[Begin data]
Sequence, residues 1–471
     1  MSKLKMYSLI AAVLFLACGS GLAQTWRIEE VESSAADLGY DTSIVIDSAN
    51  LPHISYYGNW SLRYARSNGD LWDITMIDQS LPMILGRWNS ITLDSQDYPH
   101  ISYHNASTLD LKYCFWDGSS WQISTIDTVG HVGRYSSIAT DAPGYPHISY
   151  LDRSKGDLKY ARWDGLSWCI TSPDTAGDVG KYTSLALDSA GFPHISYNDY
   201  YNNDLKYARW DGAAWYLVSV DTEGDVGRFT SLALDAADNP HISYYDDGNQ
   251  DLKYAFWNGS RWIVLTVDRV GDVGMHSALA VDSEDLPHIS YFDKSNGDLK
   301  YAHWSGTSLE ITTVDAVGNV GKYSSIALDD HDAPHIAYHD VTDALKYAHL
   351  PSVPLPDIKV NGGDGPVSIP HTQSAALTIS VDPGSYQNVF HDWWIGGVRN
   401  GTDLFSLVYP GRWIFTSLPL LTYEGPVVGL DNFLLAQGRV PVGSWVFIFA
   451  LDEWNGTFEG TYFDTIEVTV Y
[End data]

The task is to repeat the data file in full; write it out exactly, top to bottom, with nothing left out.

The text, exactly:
Sequence, residues 1–471
     1  MSKLKMYSLI AAVLFLACGS GLAQTWRIEE VESSAADLGY DTSIVIDSAN
    51  LPHISYYGNW SLRYARSNGD LWDITMIDQS LPMILGRWNS ITLDSQDYPH
   101  ISYHNASTLD LKYCFWDGSS WQISTIDTVG HVGRYSSIAT DAPGYPHISY
   151  LDRSKGDLKY ARWDGLSWCI TSPDTAGDVG KYTSLALDSA GFPHISYNDY
   201  YNNDLKYARW DGAAWYLVSV DTEGDVGRFT SLALDAADNP HISYYDDGNQ
   251  DLKYAFWNGS RWIVLTVDRV GDVGMHSALA VDSEDLPHIS YFDKSNGDLK
   301  YAHWSGTSLE ITTVDAVGNV GKYSSIALDD HDAPHIAYHD VTDALKYAHL
   351  PSVPLPDIKV NGGDGPVSIP HTQSAALTIS VDPGSYQNVF HDWWIGGVRN
   401  GTDLFSLVYP GRWIFTSLPL LTYEGPVVGL DNFLLAQGRV PVGSWVFIFA
   451  LDEWNGTFEG TYFDTIEVTV Y